We love smoothies, who doesn’t? They may not be as healthy as just eating a piece of fruit or chomping on a carrot, but a homemade smoothie is far healthier than many alternatives and even though some fibre are broken down, high fibre ingredients do not break down entirely.
The Vitablend Blender is a great smoothie maker that blends smoothly and lets me make individual smoothies to taste. It is easy to use, easy to keep clean and it has earned a permanent place on the kitchen shelf for convenient, frequent use.
Price: £25 – 50
Included in the box: High-Torque Power Base, stainless steel flat blade, stainless steel cross blade, tall cup, short cup, 4 x party mugs, 4 x coloured rings for
party mugs, 2 x re-sealable storage lids, 2 x shaker/steamer tops, blender and lid attachment, juice extractor, plunger, recipe book and instruction manual.
Retailer: Amazon +:
About Tower and RKW
Tower is a well-known British housewares company based on Wolverhampton known for manufacturing inexpensive kitchen electrical appliances and accessories. Tower was established in the early 1900’s in Wolverhampton, taken over by Russel Hobbs in 1974 and sold to housewares and electricals distributor RKW in 2014.
RKW has offices in the UK, Hong Kong and Mainland China and “owns several major brands, including Tower, Akai, Carmen, Pifco, Signature, Teknique, Itek, Anzo and Warmlite/Warmnite – and also licenses the Morphy Richards brand for cookware and housewares, which has over 3000 product lines in its portfolio.” Read more about RKW on their official site here.
Tower’s Vitablend is a compact blender marketing as a multi-functional device that makes soups, dips, smoothies and juices fruit. We have had limited success with the added functions – the soups require microwaving which we prefer to avoid and the juice is strained and as a result wastes most of the fruit, which we also try to avoid. We have had great success making a wide range of smoothies as well as homemade hummus.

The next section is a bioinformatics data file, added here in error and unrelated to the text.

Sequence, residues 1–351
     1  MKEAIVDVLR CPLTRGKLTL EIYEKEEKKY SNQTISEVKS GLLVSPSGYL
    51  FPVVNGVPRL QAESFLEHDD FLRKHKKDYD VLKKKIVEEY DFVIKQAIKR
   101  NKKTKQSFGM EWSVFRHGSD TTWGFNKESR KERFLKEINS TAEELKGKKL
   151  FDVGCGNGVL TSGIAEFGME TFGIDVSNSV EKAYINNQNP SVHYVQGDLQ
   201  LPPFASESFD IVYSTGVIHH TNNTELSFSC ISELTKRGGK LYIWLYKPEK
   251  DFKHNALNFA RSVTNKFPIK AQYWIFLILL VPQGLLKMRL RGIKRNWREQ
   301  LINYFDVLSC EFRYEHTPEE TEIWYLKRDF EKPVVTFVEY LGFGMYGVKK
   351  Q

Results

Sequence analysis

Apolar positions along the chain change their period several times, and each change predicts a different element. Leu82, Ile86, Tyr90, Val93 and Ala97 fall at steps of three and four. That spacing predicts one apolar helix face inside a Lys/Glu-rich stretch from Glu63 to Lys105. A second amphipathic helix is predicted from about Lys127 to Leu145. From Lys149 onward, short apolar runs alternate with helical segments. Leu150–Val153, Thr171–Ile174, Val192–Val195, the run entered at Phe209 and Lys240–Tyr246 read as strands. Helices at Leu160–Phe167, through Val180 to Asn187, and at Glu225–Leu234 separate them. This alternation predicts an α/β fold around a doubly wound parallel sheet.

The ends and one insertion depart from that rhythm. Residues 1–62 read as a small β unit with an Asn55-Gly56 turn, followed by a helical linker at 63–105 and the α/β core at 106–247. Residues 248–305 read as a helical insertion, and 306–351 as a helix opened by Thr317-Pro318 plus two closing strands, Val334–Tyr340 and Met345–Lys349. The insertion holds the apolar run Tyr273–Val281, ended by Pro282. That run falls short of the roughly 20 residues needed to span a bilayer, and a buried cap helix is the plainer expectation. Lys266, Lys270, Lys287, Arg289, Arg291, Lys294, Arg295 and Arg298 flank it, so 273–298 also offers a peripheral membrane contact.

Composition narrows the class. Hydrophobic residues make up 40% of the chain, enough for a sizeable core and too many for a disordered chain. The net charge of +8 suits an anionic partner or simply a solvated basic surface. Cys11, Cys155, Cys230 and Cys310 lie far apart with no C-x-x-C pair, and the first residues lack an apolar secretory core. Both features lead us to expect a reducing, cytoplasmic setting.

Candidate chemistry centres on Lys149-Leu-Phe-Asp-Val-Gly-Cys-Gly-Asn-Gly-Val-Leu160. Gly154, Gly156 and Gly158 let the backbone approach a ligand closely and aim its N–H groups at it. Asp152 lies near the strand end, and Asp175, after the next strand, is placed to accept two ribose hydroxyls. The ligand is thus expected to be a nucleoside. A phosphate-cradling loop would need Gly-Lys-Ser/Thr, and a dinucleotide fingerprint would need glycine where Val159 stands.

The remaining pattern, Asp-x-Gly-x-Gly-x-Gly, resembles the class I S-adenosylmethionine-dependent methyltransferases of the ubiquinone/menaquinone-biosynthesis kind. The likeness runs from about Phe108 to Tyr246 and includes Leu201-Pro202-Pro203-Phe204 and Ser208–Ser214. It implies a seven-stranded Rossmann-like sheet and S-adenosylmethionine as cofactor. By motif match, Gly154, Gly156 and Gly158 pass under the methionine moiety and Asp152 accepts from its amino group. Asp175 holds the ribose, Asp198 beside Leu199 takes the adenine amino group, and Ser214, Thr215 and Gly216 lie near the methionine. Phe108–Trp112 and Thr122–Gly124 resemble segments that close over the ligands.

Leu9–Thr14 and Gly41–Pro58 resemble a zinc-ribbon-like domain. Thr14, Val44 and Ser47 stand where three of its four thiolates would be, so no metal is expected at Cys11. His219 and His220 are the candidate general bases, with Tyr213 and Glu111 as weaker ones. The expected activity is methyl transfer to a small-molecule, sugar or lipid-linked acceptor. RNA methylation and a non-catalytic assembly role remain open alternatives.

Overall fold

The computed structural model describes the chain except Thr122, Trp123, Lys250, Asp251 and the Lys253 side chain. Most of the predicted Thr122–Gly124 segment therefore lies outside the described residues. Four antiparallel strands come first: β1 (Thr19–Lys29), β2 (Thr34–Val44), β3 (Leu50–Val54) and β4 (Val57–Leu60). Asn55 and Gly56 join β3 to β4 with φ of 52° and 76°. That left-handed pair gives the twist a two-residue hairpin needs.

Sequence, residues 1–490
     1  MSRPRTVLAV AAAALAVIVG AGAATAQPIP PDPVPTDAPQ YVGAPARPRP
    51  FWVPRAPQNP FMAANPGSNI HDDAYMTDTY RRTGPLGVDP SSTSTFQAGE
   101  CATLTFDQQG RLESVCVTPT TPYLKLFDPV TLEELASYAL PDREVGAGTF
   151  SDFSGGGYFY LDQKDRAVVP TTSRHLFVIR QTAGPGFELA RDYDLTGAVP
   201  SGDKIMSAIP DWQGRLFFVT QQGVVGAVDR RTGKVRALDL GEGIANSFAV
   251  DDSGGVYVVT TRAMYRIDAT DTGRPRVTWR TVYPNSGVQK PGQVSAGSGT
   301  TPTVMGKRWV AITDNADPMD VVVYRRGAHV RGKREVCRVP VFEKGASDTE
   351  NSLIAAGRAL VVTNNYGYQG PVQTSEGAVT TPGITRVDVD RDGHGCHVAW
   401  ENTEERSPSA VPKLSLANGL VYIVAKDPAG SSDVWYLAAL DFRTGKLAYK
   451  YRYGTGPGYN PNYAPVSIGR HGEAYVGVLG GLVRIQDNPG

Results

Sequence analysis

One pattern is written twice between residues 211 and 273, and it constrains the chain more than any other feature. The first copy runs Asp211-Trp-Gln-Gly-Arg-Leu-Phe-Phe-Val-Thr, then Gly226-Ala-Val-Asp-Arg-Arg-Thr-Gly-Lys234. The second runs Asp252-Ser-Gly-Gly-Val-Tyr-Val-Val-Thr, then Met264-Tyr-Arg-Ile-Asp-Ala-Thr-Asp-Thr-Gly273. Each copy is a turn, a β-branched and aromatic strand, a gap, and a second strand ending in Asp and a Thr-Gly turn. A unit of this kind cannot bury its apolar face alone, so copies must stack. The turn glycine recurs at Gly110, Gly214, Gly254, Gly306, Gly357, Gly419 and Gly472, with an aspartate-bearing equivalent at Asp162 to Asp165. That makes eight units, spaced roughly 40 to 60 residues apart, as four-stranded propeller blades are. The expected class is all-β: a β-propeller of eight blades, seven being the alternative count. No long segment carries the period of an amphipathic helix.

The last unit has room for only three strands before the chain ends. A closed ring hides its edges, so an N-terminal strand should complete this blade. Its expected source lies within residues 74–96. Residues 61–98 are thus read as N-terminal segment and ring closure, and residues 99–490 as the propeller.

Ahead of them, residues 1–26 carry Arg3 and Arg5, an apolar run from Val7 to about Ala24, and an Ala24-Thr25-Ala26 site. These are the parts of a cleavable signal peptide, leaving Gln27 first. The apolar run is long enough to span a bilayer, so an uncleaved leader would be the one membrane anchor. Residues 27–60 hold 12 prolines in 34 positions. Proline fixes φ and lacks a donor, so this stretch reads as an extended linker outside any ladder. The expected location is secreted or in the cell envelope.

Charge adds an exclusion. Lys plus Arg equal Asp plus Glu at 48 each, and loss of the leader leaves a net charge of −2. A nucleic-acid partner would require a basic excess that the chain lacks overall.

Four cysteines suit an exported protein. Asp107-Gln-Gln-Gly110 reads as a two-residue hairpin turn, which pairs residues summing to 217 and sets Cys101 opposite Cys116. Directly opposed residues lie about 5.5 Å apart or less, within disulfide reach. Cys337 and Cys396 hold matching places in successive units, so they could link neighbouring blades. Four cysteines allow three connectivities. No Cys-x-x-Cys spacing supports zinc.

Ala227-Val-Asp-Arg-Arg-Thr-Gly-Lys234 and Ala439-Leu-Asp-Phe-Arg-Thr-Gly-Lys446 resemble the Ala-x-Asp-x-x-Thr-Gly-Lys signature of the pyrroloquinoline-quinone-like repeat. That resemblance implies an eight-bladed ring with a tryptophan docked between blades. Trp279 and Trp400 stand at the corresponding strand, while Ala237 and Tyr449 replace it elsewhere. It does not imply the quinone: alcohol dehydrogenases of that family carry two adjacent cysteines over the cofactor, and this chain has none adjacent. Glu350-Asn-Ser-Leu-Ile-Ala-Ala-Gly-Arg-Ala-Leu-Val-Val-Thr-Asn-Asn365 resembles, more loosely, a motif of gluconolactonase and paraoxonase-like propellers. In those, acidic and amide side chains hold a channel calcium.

The quality of the smoothies are superior to the bar style smoothie maker we had previously used and it blended carrots, courgettes, spinach, kale and beetroot into smooth bit-free drinks.
- Optimized for indoors use in a domestic kitchen
- Target age: Adults
- Designed for either left or right-handed use.
- Optimised for two-handed use, one-handed use with difficulty.
Environment & People
The Tower Vitablend can be used to minimize food waste. Parts of fruit and vegetables that often go to waste, like apple cores, peelings and the ends of vegetables can all be thrown into the blender and is chopped up smoothly into a smoothie.
Legislative compliance: 2011/65/EU Restriction of Hazardous Substances Directive; 1935/2004/EC Materials & Articles in Contact With Food (LFGB section 30 & 31).
The Vitablend is a cost-effective choice. It is inexpensive and matched market price for similar style blenders when sold for around £30. It saves time in the kitchen – 100% of produce can be added with little chopping and no peeling and it makes quick dips and near instant soups (with use of a microwave). The two lids allowed me to prepare smoothies in advance for breakfast, providing a relatively healthy breakfast in less than 2 minutes.
Product Dimensions: 10 x 10 x 10 cm
Diameter: 18 centimetres
Item Weight: 2.4 Kg
Volume Capacity: 1 litre
Power / Wattage: 250 watts
Colour: Black, Cream, White, Red
Rated Voltage: 220-240V ~50Hz
Input power: 250W
Warranty: 12 months
Connections: electric, plugs into a mains outlet.
The Vitablend Blender has been a great addition to our kitchen. It has a small footprint on the countertop and we have all appreciated the extra nutrient boost a regular, healthier homemade smoothie can provide. I wasn’t too impressed with the juicer, preferring thicker juice and got limited use of the steamer cup because we rarely microwave our food, but as a dip and smoothie maker, it has excelled.
Recommended to anyone looking for an inexpensive blender that produces a smooth result.
The review is based on the Tower Vitablend (black).
More information about our eco icons and access icons is available. This article was first published on 28 March 2016.